The estimated cost for the initial treatment is between £4,000 and £7,000. The number of people on the Isle of Wight who may benefit from Sutent is as low as just two cases in two years, including that of Mr. Burrell. Mr. Burrell has been supported by Dr. Gabi Fritzsche, his general practitioner of Niton, and Dr. Kudingila Madhava, his consultant oncologist based at St Mary’s hospital in Portsmouth. Let me quote a letter sent by Dr. Madhava to the PCT, as reported in a front page article in the Isle of Wight County Press. Dr Madhava said:

But despite that plea, Mr. Burrell was rejected for Sutent by the Isle of Wight PCT—a decision confirmed by an appeal panel last week.

Dr. Jenifer Smith, director of public health for the Isle of Wight PCT, said:

In other words, its officers simply give effect to a national policy, whereas other PCTs consider the suitability of the drug for local patients.

The NICE policy makes it clear that local decisions are okay for medicines that have not yet been approved for national schemes, yet that does not seem to be happening on the Isle of Wight. Southampton city and Portsmouth city teaching PCTs confirm that they prescribe Sutent, judging each request on its merits, while the north-east strategic health authority approves it as the routine first and second treatment for 12 trusts. To take Dr. Madhava’s words into account, it is hard to see what argument for giving the treatment to
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Mr. Burrell could be more compelling. The only conclusion can be that a postcode lottery is affecting the island, to the great detriment of my constituents and their families. Furthermore, NICE is delaying approval in many cases. If no scheme is approved nationally, there is a stalemate when local approval does not come through.

Mr. Burrell is in an impossible situation. One cannot fail to be moved by his plight. I should be grateful if the Deputy Leader of the House could raise the case with the Minister concerned and ensure that an explanation for this state of affairs is provided for Mr. Burrell and his family. Ministers must also ensure that NICE evaluates new and apparently effective drugs swiftly, so that all patients can benefit from them.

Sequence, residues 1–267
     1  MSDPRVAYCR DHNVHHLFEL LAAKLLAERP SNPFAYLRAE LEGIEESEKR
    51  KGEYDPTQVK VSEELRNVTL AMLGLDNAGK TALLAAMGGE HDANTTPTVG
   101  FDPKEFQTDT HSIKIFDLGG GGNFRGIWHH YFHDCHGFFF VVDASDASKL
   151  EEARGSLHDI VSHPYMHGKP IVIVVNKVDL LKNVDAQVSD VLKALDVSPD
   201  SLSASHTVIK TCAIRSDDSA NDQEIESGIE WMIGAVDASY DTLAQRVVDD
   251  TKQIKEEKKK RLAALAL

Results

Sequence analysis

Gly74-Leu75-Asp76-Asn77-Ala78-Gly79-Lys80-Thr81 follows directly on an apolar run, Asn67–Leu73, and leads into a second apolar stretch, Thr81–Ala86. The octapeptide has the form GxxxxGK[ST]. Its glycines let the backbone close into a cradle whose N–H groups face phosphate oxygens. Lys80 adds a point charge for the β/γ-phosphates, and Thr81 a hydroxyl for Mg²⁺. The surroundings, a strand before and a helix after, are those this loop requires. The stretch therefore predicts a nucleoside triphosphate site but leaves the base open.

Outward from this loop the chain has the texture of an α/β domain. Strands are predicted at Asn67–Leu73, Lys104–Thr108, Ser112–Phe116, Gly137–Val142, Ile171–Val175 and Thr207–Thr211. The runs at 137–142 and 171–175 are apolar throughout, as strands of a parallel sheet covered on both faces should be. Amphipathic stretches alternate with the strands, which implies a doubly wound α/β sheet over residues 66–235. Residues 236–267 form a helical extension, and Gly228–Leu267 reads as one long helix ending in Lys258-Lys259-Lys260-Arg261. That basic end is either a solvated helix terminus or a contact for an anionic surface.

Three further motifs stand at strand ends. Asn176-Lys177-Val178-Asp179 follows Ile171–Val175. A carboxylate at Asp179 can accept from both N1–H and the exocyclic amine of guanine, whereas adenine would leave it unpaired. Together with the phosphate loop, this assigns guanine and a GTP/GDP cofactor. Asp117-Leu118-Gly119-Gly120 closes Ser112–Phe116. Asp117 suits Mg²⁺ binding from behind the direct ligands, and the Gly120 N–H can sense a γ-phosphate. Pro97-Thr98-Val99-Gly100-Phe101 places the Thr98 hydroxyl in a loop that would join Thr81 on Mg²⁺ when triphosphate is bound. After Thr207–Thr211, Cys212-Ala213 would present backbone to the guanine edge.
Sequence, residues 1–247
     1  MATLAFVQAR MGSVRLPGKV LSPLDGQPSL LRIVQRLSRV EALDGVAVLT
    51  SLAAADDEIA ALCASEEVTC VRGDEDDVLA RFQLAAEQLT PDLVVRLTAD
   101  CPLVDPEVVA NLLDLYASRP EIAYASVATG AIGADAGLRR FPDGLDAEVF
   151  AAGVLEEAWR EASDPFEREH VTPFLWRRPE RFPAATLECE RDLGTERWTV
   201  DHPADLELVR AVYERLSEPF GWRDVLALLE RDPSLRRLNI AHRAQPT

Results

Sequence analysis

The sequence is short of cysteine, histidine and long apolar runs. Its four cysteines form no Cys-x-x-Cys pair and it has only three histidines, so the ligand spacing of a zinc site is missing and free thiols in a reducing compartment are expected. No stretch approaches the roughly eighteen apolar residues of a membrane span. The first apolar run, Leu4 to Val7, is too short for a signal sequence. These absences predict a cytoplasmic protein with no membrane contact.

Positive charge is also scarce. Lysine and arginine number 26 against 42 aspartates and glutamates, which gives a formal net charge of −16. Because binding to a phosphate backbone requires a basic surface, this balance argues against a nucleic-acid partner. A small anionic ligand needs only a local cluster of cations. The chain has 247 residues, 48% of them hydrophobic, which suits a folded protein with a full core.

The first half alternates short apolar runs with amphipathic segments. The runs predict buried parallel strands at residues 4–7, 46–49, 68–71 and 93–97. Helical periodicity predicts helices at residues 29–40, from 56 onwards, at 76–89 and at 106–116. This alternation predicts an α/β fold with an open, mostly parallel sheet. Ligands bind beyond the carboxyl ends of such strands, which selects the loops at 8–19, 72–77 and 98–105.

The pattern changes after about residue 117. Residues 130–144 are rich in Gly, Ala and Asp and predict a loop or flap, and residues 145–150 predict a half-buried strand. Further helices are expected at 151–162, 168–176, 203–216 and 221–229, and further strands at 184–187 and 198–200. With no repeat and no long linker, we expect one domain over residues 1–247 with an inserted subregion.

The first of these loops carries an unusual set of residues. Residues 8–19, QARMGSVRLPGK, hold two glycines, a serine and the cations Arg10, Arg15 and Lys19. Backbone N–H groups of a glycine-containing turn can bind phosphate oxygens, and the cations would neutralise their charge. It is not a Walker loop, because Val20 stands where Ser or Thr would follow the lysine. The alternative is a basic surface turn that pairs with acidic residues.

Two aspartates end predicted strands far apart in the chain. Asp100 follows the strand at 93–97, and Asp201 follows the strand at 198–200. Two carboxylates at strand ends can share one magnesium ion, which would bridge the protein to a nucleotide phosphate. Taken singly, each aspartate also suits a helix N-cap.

2.42 pm

Mr. Fraser Kemp (Houghton and Washington, East) (Lab): Thank you for giving me the opportunity to speak in this Christmas Adjournment debate, Mr. Deputy Speaker.

Christmas is a time for celebration and looking forward to the new year; however, a group of my constituents—the pigeon men and allotment holders of Ryhope—do not have that pleasure. Their Christmas will be very different from ours, because they face the arrival of bailiffs, eviction from the land that they have worked and the loss of the pigeons that they have cared for over many decades, often by members of the same family going back three generations. This brutal and unwelcome Christmas present comes courtesy of a dormant company—essentially a shell company—that does not appear to have any assets other than that piece of land, called Worktalent Ltd, which is based in a Newcastle firm of solicitors called Mark Gilbert Morse.

Mr. Kevan Jones (North Durham) (Lab): Is my hon. Friend aware that Mark Gilbert Morse has form when it comes to persecuting former miners? It is the same company that I exposed three years ago, when it was deducting 25 per cent. of the compensation due to former miners and their families, not content with the massive fees that it was already being paid by the Department of Trade and Industry.

Mr. Kemp: I thank my hon. Friend for his intervention. I am aware of the work that he has done to get compensation for many miners and others. I also have a complaint against the firm with the Legal Complaints Service, because it has refused to correspond with me as an elected Member of Parliament; indeed, it will not even answer the correspondence that I send.

The directors of Worktalent Ltd are Messrs. Gibson, Owen and Mark. Mr. Owen and Mr. Mark are also partners, as well as directors, of the said firm of Mark Gilbert Morse. The company bought the land cheaply—we estimate for around £12,500—a little over a decade ago, and 10 years ago issued an eviction notice against the allotment holders. Those allotment holders fought a brave and honourable campaign. They won support locally, nationally and, as it happens, internationally, including from many Members of Parliament, such as my hon. Friend the Member for Sunderland, South (Mr. Mullin). The allotment holders also successfully lifted the eviction, and in the process managed to get
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one of their pigeon crees—a north-east colloquialism for what people often know as pigeon lofts—recognised as the world’s only grade II listed pigeon cree. I understand why we list many of our great stately homes, but working people’s culture and heritage ought equally to be celebrated, so it was a great tribute to the men to achieve that.